14 M.R.S. § 6034(1) (emphasis added). By its nature, such a presumption is rebuttable: “In all civil actions and proceedings, except as otherwise provided by statute or by these rules, a presumption imposes on the party against whom it is directed the burden of proving that the nonexistence of the presumed fact is more probable than its existence.” M.R. Evid. 301. A presumption serves to shift the burden of going forward with evidence to the party against whom the presumption lies. See Ventresco v. Bushey, 159 Me. 241, 250, 191 A.2d 104, 108 (1963).

[¶ 20] Thus, contrary to the Lyles' contentions, a residential landlord's retention of a security deposit without a written explanation does not irrebuttably establish wrongfulness. See Robbins v. Foley, 469 A.2d 840, 842 (Me.1983); Karantza v. Salamone, 435 A.2d 1384, 1386 (Me.1981). Rather, the presumption of wrongfulness may be overcome by proof that the landlord “had a good faith reason for the retention,” Robbins, 469 A.2d at 842—that is, a “good faith belief of legal entitlement” to the funds, Karantza, 435 A.2d at 1386.

[¶ 21] Here, the undisputed evidence demonstrated that the Lyles had lived in the rental house for several months without paying rent. Pursuant to the rental agreement, Mangar was legally entitled to the rental payments. Cf. 14 M.R.S. § 6033(2) (recognizing that a landlord may legitimately notify a tenant that the landlord is withholding a security deposit for nonpayment of rent). Thus, the District Court did not err in finding and concluding that, notwithstanding Mangar's failure to provide the required written statement, she met her burden of proof in rebutting the presumption of wrongful withholding by demonstrating a good-faith belief that she was entitled to retain the security deposit to cover unpaid rent. See Karantza, 435 A.2d at 1386; 14 M.R.S. § 6034(3). Accordingly, the District Court did not err in refusing to impose double damages, attorney fees, and costs pursuant to 14 M.R.S. § 6034(2).

C. Resulting Judgments

[¶ 22] The District Court correctly determined that the Lyles were entitled to recover $900—the amount of their security deposit—and that Mangar was entitled to recover $3,600 in unpaid rent plus $100 in late fees, which had the net effect of leaving the Lyles responsible to Mangar for $2,800. The Superior Court incorrectly concluded on appeal that Mangar owed a $900 penalty in addition to forfeiting the right to withhold any portion of the $900 security deposit. See 14 M.R.S. § 6033(3) (“If a landlord fails to provide a written statement or to return the security deposit within the time specified in subsection 2, the landlord shall forfeit his right to withhold any portion of the security deposit.” (emphasis added)). Because Mangar did not bring a cross-appeal to raise this issue, however, see M.R.App. P. 2(a)(1), (b)(3), (4), we will not disturb the judgment ultimately entered by the Superior Court, see Costa v. Vogel, 2001 ME 131, ¶ 1 n. 1, 777 A.2d 827, which has the net effect of rendering the Lyles liable to Mangar for $1,900.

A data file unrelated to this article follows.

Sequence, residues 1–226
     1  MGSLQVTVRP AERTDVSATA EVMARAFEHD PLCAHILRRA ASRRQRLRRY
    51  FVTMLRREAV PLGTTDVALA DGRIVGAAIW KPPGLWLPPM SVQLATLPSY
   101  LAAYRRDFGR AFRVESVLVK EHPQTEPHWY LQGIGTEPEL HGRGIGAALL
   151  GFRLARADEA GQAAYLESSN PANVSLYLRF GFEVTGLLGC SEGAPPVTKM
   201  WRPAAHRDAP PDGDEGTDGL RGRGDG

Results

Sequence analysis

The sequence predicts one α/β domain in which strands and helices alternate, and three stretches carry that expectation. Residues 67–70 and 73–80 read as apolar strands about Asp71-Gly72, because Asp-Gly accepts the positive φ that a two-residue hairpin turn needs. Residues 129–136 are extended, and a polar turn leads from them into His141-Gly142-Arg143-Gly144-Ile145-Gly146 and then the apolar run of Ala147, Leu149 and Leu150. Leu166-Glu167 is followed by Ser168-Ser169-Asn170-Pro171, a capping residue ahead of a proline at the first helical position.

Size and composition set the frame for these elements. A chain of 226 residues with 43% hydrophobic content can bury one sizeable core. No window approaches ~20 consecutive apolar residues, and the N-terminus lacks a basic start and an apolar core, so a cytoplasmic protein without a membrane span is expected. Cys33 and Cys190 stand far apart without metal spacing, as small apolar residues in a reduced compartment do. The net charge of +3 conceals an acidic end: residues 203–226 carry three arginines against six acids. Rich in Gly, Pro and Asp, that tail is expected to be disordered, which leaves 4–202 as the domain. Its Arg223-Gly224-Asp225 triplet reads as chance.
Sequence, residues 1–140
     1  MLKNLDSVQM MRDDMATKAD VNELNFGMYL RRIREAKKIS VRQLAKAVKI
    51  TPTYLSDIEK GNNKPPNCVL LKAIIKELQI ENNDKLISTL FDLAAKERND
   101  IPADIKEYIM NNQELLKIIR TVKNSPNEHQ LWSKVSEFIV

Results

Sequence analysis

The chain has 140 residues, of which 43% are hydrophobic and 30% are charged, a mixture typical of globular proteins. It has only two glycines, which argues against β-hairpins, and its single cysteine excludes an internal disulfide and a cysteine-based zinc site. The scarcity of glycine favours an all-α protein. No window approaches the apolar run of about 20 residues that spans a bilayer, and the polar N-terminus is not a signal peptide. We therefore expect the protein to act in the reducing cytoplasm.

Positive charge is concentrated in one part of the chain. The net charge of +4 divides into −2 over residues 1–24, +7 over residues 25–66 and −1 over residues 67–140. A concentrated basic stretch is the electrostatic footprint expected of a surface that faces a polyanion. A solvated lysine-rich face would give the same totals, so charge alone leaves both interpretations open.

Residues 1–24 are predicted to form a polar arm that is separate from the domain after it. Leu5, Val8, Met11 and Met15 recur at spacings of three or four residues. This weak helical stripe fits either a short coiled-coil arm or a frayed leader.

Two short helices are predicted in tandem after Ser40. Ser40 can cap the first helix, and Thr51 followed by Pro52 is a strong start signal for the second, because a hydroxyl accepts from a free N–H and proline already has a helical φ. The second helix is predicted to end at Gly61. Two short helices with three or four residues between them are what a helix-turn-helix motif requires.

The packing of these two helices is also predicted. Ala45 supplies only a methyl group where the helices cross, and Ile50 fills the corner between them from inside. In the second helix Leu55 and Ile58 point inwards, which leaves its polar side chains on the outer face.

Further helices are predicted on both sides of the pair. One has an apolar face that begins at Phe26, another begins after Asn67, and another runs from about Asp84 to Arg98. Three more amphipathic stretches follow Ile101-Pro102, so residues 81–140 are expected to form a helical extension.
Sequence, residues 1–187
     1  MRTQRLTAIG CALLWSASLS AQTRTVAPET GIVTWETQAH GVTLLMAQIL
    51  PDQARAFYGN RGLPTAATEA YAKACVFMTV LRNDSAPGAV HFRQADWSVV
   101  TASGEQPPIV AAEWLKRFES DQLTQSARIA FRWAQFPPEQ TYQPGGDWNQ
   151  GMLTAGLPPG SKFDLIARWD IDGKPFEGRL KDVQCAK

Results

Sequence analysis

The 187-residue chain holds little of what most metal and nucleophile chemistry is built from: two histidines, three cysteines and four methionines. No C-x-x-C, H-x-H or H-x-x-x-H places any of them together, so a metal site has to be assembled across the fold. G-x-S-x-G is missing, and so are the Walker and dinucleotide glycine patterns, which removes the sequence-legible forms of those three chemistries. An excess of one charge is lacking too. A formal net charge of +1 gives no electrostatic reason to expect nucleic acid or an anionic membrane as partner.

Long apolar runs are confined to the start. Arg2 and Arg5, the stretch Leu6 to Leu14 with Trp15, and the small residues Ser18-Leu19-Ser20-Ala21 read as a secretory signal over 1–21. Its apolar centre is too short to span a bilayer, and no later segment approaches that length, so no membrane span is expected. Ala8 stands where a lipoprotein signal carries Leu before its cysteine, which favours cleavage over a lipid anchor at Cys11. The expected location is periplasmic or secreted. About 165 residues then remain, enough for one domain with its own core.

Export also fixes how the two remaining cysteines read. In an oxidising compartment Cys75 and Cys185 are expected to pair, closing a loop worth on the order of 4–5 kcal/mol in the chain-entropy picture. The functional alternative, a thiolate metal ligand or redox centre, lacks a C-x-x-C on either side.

The entry is:

Judgment affirmed.


1.  Even if we were to treat the statute's silence as creating an ambiguity, see Anastos v. Town of Brunswick, 2011 ME 41, ¶ 9, 15 A.3d 1279, the legislative history of the statute demonstrates a limited purpose to provide an orderly process for the return of a security deposit. See L.D. 1813, Statement of Fact (108th Legis .1977) (stating that the bill “provides for an orderly procedure for the refund of these deposits”); see also 2 Legis. Rec. 1372–73, 1655 (1977) (discussing the purpose of preventing landlords from retaining tenants' security deposits without explanation or justification). Nothing in the legislative history suggests an intention to prevent a landlord's claim for breach of a rental agreement from proceeding while the security deposit remains in the landlord's possession.